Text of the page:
New answers tagged subject
(You) [SUBJECT] show [VERB] me [INDIRECT OBJECT] that photo [DIRECT OBJECT]
Thanks to Prof. John Lawler for the very useful comments. When I look at it as a question of a hypernym for subject and object in English grammar, the closest that I can find is the concept of case, as currently defined, if not taught. ODO (accessed UTC 07:01 today) explains (with English examples): Nouns and pronouns can be used as the subject ...
I believe the word you are looking for is "case." Pronouns come in three cases: subjective, objective and possessive. With the exception of pronouns, word order, rather than changes in the word, usually identify the case.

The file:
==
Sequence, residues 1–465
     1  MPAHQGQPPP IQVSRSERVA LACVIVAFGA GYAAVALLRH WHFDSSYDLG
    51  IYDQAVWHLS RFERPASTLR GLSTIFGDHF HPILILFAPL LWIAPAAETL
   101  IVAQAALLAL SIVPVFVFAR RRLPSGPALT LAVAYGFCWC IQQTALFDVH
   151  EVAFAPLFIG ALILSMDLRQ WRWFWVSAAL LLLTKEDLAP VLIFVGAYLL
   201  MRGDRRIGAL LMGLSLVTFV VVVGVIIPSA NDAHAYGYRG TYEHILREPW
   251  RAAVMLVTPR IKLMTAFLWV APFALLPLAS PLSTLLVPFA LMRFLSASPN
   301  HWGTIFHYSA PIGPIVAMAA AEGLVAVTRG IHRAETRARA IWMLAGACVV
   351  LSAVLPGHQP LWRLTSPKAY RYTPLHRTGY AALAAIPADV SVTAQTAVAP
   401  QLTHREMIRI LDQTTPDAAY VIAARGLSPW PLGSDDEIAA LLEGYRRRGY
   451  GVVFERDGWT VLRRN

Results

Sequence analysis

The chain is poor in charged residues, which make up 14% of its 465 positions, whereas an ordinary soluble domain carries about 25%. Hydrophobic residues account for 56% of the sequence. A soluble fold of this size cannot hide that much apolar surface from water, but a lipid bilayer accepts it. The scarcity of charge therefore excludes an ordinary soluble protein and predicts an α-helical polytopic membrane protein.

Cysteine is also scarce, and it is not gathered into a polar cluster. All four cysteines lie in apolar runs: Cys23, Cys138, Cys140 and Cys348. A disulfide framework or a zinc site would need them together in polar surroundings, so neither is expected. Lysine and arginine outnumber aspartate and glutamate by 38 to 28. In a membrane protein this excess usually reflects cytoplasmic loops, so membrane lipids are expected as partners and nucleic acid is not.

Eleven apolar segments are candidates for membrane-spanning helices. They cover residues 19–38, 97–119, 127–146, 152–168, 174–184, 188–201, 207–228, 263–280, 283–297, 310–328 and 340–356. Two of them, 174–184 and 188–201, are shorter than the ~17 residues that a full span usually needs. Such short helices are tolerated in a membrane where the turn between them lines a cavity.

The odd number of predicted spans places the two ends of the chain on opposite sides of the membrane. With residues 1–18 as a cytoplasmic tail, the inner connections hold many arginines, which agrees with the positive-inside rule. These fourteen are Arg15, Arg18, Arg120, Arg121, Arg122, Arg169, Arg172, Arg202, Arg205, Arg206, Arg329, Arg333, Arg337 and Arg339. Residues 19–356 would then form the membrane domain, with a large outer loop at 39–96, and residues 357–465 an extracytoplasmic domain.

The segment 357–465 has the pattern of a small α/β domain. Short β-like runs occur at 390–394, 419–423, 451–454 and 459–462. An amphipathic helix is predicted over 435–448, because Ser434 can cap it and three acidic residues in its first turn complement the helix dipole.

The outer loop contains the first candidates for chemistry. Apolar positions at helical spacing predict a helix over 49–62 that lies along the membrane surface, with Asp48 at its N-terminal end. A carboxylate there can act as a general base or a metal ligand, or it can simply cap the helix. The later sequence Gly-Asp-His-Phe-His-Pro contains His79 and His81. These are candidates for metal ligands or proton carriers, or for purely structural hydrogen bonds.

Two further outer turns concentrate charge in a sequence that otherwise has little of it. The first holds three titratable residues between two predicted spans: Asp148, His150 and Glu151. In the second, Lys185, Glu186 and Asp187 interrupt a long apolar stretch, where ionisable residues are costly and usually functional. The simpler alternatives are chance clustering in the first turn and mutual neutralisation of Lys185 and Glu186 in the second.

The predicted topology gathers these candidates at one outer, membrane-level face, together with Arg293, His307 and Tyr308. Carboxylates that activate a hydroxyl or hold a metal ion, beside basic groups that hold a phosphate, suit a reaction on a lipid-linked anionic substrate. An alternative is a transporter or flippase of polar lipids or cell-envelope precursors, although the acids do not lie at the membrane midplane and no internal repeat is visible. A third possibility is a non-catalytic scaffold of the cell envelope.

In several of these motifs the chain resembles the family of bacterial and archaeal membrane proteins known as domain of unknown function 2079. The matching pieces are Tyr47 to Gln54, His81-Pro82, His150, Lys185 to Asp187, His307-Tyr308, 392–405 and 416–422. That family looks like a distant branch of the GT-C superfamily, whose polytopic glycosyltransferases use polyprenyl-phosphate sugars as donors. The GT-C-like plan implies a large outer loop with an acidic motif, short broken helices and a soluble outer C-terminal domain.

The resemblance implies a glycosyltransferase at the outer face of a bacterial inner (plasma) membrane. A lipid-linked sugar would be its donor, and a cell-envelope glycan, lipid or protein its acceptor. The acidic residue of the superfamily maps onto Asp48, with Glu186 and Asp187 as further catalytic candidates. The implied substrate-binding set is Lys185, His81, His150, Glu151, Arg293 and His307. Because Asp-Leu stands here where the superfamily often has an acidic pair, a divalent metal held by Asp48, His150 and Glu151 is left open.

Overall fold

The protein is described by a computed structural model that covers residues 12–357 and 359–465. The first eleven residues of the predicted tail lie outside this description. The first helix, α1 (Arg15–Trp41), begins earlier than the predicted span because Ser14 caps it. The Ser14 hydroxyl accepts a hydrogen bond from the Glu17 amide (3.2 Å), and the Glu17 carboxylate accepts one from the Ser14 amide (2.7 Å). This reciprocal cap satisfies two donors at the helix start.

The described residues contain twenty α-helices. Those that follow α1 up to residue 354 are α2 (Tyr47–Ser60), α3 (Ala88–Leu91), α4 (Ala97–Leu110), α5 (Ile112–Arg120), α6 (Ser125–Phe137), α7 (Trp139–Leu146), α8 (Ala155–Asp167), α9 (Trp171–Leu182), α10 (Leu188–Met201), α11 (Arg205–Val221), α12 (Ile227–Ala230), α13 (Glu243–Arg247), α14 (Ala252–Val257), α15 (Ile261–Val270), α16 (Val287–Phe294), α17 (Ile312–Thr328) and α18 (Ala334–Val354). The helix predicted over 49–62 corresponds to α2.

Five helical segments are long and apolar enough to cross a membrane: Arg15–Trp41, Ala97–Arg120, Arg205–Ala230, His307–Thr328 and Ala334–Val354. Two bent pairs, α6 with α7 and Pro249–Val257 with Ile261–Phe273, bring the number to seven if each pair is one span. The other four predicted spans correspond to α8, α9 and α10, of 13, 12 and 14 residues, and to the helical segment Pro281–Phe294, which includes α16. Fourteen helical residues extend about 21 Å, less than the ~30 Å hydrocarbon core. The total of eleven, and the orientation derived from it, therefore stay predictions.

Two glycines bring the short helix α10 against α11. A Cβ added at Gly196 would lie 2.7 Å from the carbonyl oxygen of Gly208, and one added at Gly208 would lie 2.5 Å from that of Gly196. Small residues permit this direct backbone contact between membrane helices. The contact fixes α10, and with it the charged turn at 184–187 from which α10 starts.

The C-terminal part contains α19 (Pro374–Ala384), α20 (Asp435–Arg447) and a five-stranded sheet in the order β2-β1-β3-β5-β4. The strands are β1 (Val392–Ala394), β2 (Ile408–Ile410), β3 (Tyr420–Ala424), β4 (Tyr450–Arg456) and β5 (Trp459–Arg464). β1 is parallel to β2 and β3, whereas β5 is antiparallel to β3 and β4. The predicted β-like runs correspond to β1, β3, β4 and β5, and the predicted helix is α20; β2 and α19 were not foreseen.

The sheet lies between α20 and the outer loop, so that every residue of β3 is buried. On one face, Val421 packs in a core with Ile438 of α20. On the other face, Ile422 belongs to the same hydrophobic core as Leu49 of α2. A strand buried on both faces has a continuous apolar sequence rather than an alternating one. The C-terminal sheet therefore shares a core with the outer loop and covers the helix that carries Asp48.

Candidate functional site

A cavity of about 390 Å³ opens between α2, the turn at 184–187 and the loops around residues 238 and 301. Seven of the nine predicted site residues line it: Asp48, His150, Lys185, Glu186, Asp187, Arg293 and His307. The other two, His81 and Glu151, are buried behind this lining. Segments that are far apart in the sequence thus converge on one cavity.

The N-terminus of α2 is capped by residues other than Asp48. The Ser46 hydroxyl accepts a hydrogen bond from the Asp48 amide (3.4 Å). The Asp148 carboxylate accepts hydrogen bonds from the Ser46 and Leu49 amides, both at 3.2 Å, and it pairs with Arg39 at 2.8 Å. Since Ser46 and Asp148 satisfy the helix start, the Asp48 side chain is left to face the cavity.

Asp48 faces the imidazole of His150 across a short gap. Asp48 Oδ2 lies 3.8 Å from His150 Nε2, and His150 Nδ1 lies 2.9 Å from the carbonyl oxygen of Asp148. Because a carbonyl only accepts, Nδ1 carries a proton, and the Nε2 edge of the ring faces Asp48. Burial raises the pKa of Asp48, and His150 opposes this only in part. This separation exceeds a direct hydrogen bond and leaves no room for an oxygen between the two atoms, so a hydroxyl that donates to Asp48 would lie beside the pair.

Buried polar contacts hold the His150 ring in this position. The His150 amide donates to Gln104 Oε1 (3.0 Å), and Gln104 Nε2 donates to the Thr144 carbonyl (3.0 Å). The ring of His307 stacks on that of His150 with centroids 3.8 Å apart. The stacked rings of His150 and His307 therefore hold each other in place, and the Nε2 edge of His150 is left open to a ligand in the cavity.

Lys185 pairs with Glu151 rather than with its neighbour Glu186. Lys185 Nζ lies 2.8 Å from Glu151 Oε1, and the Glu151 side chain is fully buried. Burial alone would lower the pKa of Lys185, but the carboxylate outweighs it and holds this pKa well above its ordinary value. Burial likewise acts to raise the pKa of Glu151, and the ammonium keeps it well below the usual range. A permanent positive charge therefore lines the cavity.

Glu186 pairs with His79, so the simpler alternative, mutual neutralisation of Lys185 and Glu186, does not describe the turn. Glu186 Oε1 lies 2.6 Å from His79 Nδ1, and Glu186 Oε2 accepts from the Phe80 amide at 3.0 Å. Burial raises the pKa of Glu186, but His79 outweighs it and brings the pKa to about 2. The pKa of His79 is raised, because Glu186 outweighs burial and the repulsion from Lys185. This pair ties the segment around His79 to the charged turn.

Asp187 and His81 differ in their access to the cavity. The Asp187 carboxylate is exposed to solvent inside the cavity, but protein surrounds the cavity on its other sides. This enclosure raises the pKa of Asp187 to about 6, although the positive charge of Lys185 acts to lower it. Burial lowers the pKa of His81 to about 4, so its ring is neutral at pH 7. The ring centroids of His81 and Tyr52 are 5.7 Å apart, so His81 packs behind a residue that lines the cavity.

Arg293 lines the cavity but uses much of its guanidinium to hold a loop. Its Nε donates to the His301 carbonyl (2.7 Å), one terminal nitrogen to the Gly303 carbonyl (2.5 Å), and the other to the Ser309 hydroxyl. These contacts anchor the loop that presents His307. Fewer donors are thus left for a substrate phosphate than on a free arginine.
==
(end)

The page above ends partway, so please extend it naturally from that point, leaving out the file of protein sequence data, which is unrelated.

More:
John's job is repairing bicycles. If this is what John does for eight hours every day, you want to use the gerund. John's job is to repair the bicycle. If somebody is assigning tasks, and John's assignment of repairing a bicycle is only going to happen once, you would be more likely to use the infinitive. Both of these sentences can be inverted ...
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